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One Reason to Stop Snoring is To Protect Your Mouth from Dry Mouth

Everyone will snore at a certain point in their lives either due to age, obesity, genetics, and sleep posture. Establishing your reason for snoring is crucial if you want to stop snoring. This is because snoring could also indicate an underlying health condition. Besides disrupting your partner’s sleep, snoring could cause more harm than good to your oral health. One of the ways snoring affects your mouth is by causing dry mouth.

HOW SNORING CAUSES DRY MOUTH

When you snore, you breathe with your mouth open, resulting in a dry mouth. A dry mouth implies a lack of salivary flow to keep your mouth moist. Since saliva is a cleaning agent, an inadequate flow will result in bacteria buildup in the mouth. Mouth acidity will also increase, further promoting bacterial multiplication and activity.

If you fail to brush your teeth before bedtime, bacteria will feed on the food debris and release acids, corroding your teeth enamel, and exposing your teeth to decay. The bacterial activity can also cause mouth sores and gum disease characterized by red, swollen, and at times, bleeding gums. This explains why if you snore, you always wake up with bad breath.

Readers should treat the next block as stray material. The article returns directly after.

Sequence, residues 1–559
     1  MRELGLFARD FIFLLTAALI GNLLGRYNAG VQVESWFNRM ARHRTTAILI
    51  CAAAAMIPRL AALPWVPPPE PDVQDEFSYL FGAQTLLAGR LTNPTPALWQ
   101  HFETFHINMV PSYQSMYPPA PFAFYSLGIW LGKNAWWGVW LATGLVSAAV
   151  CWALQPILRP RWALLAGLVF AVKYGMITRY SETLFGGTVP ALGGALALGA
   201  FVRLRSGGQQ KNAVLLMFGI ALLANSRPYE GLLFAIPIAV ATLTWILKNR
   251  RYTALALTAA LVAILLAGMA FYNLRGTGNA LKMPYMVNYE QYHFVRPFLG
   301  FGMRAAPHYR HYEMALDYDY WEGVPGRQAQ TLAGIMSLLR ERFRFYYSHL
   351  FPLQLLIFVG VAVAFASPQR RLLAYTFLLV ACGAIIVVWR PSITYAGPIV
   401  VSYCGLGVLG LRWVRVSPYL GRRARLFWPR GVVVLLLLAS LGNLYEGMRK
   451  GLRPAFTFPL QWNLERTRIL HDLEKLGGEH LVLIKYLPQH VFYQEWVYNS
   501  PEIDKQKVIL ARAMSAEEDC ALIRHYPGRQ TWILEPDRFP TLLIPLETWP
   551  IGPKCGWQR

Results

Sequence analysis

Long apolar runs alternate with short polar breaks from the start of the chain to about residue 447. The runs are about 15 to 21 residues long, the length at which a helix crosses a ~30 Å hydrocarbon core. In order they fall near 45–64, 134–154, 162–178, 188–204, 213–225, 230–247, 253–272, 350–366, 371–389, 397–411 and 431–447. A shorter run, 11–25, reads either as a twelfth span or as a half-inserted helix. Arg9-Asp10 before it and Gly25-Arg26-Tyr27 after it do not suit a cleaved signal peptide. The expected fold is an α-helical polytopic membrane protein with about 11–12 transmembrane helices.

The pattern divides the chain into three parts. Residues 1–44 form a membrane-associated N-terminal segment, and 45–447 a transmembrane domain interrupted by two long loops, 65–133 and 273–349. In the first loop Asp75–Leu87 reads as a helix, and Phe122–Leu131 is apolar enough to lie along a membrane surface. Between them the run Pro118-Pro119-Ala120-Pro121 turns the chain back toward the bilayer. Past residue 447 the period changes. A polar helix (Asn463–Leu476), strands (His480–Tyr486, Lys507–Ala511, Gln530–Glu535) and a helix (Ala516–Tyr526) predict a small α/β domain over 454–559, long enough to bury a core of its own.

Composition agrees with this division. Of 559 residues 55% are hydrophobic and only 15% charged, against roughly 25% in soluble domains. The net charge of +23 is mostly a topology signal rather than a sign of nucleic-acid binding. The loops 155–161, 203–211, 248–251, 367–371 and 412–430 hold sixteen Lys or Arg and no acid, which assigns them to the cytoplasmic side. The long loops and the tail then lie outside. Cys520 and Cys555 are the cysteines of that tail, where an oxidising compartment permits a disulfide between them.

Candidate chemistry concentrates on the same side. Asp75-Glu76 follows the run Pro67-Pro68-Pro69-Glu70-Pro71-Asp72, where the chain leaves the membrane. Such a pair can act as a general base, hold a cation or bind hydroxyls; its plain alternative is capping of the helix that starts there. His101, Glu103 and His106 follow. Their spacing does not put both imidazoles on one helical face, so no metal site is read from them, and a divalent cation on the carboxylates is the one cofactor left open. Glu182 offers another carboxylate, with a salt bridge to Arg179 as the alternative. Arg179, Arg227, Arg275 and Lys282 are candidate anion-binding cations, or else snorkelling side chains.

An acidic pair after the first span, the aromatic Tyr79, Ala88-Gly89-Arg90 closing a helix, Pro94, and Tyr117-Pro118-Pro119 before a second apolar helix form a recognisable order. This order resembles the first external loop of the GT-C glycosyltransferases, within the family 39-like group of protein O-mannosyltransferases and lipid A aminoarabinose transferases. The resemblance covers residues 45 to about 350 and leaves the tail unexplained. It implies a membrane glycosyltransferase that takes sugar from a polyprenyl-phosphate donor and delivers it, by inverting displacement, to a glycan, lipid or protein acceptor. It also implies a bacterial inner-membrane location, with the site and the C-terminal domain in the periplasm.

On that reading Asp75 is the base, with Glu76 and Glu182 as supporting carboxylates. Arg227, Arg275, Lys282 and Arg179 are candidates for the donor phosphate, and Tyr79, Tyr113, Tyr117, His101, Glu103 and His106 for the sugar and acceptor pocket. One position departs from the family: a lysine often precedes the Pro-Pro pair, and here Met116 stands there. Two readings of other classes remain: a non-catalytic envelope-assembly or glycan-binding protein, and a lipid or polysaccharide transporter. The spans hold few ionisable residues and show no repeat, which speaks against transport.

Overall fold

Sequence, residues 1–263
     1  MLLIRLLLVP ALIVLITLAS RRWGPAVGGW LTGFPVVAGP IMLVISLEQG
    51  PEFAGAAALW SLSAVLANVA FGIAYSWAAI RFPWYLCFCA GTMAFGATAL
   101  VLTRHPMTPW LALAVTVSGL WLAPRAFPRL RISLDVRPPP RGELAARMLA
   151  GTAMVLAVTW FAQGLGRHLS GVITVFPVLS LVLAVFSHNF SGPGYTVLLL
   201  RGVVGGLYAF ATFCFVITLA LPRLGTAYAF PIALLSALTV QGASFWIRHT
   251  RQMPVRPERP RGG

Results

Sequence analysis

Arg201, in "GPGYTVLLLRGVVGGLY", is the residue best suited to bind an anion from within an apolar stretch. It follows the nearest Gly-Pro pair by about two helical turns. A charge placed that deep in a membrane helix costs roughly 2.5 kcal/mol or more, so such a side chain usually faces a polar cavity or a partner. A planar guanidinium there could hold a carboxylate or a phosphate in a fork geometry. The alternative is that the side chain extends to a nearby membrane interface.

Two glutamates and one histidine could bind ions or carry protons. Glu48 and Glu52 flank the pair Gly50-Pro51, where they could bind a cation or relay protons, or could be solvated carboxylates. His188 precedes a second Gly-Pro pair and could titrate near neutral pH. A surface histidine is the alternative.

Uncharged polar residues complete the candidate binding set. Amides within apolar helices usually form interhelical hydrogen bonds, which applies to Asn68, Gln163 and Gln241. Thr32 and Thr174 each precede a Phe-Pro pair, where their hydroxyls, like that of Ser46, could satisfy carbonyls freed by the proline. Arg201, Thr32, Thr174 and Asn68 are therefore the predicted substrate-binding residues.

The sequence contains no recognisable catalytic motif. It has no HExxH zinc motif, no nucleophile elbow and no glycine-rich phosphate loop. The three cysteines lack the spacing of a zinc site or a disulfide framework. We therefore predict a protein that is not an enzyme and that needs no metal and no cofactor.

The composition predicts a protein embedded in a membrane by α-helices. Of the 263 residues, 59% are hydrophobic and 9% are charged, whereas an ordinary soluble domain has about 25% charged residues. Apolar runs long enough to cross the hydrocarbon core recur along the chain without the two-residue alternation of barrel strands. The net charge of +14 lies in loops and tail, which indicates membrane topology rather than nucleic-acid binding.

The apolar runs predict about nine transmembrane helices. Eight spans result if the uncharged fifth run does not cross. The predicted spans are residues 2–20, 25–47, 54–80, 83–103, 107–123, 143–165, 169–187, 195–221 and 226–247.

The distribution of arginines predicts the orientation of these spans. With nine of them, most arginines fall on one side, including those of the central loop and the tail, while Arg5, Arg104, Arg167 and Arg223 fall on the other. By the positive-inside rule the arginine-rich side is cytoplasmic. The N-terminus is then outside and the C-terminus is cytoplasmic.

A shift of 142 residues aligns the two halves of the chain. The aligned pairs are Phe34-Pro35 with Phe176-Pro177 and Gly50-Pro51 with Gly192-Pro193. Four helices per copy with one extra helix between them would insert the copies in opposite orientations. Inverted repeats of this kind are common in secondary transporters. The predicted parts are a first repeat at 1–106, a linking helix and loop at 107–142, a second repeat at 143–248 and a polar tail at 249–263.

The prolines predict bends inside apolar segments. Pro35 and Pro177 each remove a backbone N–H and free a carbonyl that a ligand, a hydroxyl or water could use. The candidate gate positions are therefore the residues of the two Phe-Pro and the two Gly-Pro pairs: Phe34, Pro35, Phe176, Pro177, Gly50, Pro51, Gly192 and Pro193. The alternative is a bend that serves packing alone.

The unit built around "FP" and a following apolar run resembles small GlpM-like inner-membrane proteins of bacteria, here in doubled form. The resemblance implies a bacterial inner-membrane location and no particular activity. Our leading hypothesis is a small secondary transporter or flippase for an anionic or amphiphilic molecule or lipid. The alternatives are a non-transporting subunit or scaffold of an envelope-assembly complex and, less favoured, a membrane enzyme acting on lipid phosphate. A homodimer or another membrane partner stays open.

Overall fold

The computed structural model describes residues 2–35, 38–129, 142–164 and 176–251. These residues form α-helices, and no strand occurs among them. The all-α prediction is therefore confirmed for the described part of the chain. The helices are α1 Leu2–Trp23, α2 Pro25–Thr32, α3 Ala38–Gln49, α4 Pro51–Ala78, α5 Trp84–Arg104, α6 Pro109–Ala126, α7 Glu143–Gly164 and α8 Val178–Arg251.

HOW TO REDUCE THE EFFECTS OF A DRY MOUTH FROM SNORING

If you snore at night, you should disclose this to us during your regular dental visits. We will then do a sleep study to find out the cause of your snoring. Afterward, we will recommend treatment, including surgical procedures to clear your airways and prevent snoring.

We will also recommend behavioral changes such as cutting back on alcohol before bedtime and adjusting your sleep position. Since snoring causes dry mouth, we will recommend good oral hygiene to keep your oral health intact and prevent a dry mouth’s adverse effects. For more details on snoring and oral health, contact our office today.

Meet Our Oral Surgeons

Dr. Chad Rebhun

Dr. Rebhun is a certified diplomat by the American Board of Oral and Maxillofacial Surgery. He practices the full scope of oral and maxillofacial surgery, including dentoalveolar and wisdom tooth surgery, sedation, general anesthesia, and oral reconstruction with dental implants.

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